Shareholders United believe they will know "within three weeks" whether their audacious £100m plan to stop Malcolm Glazer's Manchester United take-over has been successful.
After agreeing the outline of a funding package with the Japanese investment bank Nomura which offers the possibility of a pound-for-pound loan on cash pledged to a leveraged investment trust, Shareholders United will this week contact all 7,000 fans who own in excess of 1,000 shares in the Old Trafford club.
Once that process is under way, celebrity and other wealthy supporters will be asked whether they will pledge money to the scheme, which organisers feel is capable of securing a minimum 10 per cent stake.
The Shareholders United chairman, Nick Towle, thinks conclusive proof of whether rank-and-file United fans are willing to step in to help their club should be established within a reasonably short period of time.
"We should know how successful this campaign will be within three weeks of the letters going out," he said. "I am confident because the numbers we need are relatively not that great.
"We have two per cent of shares under the SU umbrella already, so we are only looking for another three to four per cent, which equates to around £40m.
"It may seem a lot but if we can get one or two major backers on board quite quickly, the rest should follow. This is a genuine attempt to safeguard the future of Manchester United. Fans have to look at it and ask themselves whether they are prepared to step in with the cash now, or spend it anyway over the next few years when Glazer puts ticket prices up."
News of the Shareholders United plan is not thought to have deflected Glazer from his intention of lodging a formal bid before the 17 July deadline imposed by the Takeover Panel last week.
The United chief executive, David Gill, has already described the Tampa Bay Buccaneers owner's 300p-per-share proposals as fair, but highlighted the massive debt required and an over-aggressive business plan as the major reasons why the club's board would be unable to recommend a bid if it does materialise.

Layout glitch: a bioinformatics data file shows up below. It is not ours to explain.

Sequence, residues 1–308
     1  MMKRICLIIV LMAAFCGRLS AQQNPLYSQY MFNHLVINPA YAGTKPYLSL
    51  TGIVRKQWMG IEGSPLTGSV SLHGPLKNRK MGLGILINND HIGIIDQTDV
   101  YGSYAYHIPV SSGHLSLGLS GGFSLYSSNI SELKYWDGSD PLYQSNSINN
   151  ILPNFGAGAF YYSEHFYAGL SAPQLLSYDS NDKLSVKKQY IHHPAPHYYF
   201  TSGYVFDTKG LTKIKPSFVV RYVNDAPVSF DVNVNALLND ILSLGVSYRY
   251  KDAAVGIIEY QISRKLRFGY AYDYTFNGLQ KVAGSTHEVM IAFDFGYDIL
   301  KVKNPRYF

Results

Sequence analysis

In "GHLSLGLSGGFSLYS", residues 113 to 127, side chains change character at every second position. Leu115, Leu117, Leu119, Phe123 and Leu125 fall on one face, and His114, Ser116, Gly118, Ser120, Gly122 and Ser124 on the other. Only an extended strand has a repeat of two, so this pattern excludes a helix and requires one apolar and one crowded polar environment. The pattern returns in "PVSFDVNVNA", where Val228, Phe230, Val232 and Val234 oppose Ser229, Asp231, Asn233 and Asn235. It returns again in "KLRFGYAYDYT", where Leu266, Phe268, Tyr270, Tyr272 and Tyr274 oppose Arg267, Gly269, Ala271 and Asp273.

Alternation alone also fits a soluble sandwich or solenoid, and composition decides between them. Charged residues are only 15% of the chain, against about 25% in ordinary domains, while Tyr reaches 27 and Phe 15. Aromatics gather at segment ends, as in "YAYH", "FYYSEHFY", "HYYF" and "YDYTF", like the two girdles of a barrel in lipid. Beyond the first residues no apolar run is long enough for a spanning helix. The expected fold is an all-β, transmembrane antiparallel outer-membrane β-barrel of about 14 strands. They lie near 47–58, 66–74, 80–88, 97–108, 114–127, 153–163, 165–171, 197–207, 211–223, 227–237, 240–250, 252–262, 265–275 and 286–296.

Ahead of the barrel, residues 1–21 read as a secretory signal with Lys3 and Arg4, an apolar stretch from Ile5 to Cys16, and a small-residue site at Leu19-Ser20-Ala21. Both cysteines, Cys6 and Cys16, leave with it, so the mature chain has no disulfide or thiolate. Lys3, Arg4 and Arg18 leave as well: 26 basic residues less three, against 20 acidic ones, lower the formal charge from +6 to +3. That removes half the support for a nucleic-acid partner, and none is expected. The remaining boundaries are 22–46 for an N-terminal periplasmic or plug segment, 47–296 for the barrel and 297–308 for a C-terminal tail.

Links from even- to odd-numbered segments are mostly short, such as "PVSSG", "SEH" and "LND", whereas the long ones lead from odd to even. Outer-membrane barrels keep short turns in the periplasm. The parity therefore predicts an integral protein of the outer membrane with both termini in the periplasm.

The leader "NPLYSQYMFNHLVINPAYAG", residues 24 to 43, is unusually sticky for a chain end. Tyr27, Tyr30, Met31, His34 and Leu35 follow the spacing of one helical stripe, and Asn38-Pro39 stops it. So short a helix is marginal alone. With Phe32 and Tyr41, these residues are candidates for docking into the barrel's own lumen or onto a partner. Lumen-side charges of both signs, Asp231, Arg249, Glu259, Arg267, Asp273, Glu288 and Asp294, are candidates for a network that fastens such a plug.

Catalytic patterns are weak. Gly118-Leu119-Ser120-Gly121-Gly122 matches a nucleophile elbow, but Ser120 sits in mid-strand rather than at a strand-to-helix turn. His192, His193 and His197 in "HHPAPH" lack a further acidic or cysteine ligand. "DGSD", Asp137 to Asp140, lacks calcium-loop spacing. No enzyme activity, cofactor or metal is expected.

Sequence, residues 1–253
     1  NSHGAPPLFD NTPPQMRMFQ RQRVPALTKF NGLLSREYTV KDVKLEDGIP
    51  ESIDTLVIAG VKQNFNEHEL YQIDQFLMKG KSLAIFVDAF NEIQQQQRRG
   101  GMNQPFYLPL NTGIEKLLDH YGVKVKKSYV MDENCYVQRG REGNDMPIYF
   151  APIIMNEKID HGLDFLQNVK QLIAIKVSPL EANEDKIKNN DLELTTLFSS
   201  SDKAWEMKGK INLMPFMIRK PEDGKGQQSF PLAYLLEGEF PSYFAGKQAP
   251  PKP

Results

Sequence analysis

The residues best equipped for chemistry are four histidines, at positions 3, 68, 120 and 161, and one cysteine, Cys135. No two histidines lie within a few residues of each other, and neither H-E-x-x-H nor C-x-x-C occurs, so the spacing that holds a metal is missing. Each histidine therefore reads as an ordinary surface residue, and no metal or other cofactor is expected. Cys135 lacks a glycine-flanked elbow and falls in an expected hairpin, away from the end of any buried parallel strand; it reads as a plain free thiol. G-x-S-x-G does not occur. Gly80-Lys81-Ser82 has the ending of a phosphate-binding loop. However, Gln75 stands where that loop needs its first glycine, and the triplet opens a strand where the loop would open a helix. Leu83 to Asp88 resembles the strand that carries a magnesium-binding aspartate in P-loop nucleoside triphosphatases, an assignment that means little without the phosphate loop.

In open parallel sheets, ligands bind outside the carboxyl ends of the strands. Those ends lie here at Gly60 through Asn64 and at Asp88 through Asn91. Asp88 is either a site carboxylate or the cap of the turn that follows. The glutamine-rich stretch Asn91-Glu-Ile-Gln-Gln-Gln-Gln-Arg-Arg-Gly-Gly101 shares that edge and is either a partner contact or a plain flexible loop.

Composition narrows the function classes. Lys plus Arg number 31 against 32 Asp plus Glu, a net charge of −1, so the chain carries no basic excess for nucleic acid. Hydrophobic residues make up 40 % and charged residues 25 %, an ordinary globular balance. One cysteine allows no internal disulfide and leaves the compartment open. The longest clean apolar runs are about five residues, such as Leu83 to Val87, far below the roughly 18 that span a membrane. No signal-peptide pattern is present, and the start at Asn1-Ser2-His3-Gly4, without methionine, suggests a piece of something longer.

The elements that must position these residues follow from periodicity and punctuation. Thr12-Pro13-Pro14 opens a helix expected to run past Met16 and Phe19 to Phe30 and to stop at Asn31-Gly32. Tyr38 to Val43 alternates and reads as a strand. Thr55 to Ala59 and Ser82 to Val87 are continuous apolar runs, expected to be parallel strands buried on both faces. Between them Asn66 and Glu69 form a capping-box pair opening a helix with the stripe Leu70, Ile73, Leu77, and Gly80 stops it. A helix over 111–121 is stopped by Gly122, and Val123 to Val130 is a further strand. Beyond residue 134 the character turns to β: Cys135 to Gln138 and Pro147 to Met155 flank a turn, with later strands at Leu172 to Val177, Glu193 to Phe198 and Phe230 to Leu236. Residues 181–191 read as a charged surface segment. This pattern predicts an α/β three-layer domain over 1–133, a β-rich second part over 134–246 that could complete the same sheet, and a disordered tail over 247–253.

Shareholders still seem certain to get a chance to decide for themselves, but even though SU's blocking bid will not be finalised until after Glazer has decided to launch his attempt to seize control, Towle confirmed the campaign will continue regardless.
"Shares can still be bought or sold even after a takeover bid has been lodged," he said. "We will press ahead with our plans once we have had the opportunity to gauge the level of support for them.
"I don't believe Malcolm Glazer has any option but to keep going forward because of the losses he would incur if he stopped."
The obvious problem for Glazer, whose major backers JP Morgan and NM Rothschild have indicated they are willing to press ahead with the American's takeover plans, is that he has no idea whether Irish the racing duo John Magnier and J P McManus are willing to sell.
Through their Cubic Expression investment vehicle, Magnier and McManus own a 28.9 per cent stake in United, without which Glazer cannot succeed in his aims.
Other than a short statement in February, which confirmed Cubic were "long term investors" in United, Magnier and McManus have stayed totally silent on the issue and are not believed to have had any contact with the Glazer camp since discussions were ended in October.
Rio Ferdinand has reiterated his desire to sign a new contract with United and urged the club's supporters to be patient.
The defender was jeered by a section of United supporters during his side's 4-0 win at Charlton on Sunday. But Ferdinand, linked with a move to Chelsea after being pictured with the Stamford Bridge club's chief executive, Peter Kenyon, claims that supporters are wrong to think he will leave Old Trafford.
"I fully understand where the fans are coming from," Ferdinand said. "But they need to know I want to stay at Old Trafford.
"They couldn't be further away from the truth if they think I want to go. Contracts do not get signed in five minutes. Most players take about six months to sort a deal. I've no intention of leaving. I want the contract sorted. If I could have signed it yesterday I would have."
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